Two recent surveys provide some interesting perspectives on party identification in the country.

A Rasmussen Reports monthly survey found that 33.6 percent of respondents said they were Republicans in February, up from 32.6 percent in January. The same percentage of respondents, almost 41 percent, identified as Democrats.

But, in the long term, the country appears to be trending Democrat. Rasmussen has compiled a chart of party identification since January of 2004. The percentages per party haven't changed very much but the gap between the two parties has grown. While the percentage of Democrats has risen, the percentage of Republicans has stayed remarkably stagnant. The percentage of respondents that identified as Democrats has gone up about four percentage points, from 36.9 percent to 40.8 percent. But the percentage of Republicans has only declined one percentage point, from 34.6 percent to 33.6 percent.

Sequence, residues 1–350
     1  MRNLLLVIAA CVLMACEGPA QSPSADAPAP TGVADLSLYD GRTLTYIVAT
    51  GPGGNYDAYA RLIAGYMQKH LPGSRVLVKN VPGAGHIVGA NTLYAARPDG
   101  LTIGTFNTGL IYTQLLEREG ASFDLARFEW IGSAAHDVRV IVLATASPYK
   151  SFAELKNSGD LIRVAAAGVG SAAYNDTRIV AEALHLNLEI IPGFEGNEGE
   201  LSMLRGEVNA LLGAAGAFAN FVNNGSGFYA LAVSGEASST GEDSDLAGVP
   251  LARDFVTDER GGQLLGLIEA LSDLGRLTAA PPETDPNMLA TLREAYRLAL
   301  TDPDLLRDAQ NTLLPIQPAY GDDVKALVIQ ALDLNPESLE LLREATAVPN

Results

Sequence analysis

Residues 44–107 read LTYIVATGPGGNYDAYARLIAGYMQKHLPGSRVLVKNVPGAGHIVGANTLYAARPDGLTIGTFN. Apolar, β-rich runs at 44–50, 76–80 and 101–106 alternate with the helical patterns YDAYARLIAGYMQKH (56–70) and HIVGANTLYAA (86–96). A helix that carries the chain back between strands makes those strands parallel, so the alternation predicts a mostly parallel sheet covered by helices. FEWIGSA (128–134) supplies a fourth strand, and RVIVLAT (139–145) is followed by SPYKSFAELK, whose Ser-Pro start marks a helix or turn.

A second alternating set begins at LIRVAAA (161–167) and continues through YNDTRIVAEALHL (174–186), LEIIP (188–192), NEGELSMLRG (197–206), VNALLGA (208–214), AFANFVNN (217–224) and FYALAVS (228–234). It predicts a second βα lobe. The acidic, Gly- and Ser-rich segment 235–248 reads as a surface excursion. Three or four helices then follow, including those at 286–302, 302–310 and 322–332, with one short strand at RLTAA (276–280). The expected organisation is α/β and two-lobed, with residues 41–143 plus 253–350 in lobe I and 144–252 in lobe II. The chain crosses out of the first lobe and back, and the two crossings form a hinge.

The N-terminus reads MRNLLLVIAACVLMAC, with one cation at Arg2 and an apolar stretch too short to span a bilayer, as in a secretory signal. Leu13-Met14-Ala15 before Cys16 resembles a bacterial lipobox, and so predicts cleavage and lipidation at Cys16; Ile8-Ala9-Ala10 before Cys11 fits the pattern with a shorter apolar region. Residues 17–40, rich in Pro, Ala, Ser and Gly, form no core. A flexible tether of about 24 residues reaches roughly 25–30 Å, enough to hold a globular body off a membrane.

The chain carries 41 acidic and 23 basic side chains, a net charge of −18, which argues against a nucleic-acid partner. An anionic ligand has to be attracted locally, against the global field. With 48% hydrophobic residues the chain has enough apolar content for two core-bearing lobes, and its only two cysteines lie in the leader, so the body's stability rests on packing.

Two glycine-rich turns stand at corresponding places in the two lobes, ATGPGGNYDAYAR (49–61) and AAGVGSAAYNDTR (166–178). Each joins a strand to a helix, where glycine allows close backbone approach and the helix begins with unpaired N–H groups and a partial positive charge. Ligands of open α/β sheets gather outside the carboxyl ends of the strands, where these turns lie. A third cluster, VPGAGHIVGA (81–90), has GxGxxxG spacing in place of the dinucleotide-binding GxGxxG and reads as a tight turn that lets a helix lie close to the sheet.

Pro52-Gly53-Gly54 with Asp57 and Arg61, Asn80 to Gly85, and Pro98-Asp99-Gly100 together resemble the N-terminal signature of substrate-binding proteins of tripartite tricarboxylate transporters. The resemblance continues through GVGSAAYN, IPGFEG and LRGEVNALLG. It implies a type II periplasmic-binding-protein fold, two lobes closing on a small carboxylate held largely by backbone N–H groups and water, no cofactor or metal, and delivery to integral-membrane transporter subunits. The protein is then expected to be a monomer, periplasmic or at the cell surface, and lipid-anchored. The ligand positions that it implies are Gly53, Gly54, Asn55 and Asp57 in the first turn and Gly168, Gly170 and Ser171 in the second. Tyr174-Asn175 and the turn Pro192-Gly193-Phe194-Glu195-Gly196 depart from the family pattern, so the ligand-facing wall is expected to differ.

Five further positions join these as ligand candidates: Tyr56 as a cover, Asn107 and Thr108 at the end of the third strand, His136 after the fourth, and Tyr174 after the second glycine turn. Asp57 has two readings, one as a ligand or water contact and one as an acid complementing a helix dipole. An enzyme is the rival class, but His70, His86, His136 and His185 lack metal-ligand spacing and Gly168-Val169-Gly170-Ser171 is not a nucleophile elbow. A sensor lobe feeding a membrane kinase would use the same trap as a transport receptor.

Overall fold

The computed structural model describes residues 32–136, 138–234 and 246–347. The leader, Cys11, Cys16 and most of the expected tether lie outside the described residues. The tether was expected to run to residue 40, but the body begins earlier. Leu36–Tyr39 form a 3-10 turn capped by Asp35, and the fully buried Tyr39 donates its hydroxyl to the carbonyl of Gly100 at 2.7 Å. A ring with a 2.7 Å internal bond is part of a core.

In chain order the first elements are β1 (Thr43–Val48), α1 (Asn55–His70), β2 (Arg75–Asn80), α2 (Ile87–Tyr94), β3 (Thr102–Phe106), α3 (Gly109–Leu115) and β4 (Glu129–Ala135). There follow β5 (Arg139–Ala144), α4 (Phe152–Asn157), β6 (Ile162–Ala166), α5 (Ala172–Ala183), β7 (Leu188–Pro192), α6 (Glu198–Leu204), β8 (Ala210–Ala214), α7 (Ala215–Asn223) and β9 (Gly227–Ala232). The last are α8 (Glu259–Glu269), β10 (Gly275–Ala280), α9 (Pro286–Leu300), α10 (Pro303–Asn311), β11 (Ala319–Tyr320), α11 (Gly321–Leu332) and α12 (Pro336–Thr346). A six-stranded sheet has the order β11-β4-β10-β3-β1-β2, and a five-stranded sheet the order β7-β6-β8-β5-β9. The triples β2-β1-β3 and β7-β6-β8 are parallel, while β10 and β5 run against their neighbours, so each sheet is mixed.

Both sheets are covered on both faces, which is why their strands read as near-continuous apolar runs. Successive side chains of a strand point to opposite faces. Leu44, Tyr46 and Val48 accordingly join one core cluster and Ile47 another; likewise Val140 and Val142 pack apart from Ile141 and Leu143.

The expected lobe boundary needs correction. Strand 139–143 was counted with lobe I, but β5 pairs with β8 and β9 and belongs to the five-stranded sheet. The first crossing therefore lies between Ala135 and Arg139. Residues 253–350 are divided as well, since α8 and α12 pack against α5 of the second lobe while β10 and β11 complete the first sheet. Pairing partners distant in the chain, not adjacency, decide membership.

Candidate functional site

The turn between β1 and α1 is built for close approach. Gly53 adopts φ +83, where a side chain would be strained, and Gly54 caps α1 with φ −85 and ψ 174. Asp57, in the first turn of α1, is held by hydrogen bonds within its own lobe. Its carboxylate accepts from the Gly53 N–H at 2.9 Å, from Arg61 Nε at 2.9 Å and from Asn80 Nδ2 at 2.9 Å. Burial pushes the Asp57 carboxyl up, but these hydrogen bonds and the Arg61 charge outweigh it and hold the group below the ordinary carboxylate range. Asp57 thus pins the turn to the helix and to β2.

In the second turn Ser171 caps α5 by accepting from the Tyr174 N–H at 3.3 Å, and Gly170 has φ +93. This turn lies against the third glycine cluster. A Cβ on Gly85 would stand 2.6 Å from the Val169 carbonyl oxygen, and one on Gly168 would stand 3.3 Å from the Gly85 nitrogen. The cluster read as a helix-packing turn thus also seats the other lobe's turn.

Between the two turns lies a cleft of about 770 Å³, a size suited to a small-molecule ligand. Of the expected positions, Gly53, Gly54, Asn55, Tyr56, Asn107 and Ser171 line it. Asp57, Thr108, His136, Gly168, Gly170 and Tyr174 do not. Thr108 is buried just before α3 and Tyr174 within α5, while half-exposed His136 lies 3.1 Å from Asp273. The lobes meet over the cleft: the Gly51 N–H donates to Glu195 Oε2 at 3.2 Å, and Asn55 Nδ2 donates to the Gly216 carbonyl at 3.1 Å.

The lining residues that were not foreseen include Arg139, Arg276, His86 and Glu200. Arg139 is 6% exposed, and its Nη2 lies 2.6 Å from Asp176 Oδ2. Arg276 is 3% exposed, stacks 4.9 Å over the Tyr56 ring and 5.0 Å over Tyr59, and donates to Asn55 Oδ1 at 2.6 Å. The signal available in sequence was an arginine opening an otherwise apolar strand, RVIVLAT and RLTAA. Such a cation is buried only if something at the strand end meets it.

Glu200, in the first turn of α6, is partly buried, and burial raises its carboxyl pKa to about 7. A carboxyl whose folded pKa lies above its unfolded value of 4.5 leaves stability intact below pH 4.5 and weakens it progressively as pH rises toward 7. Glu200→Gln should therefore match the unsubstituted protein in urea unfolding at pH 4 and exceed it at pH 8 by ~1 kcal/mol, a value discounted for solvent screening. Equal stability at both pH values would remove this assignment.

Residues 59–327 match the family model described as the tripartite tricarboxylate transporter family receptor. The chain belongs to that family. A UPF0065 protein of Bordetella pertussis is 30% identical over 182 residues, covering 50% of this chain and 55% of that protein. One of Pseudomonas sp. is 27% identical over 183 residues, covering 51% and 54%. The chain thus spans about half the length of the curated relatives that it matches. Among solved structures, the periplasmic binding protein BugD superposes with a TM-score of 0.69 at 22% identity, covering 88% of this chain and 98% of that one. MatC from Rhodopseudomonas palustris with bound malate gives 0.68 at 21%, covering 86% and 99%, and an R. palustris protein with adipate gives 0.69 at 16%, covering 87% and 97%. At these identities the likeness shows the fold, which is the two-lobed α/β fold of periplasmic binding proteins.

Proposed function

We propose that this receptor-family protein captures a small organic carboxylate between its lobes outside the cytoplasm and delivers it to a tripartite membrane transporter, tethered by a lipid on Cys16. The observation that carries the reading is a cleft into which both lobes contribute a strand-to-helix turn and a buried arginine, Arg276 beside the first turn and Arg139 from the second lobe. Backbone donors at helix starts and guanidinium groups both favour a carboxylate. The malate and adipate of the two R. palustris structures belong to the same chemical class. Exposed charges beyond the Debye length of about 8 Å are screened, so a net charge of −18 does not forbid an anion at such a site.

This is due to a decline in the number of respondents that identified as "other," or presumed independents. For all the talk of the end of partisanship, that number has declined three percentage points, from 28.5 percent to 25.6 percent.

The New York Times/CBS Poll also finds a positive trend for Democrats. That poll found that more respondents identified as Democrats than Republicans by 10 percentage points (38 to 28), which the Times said is the largest identification gap in 24 years. (Here's a chart of the Times' results.)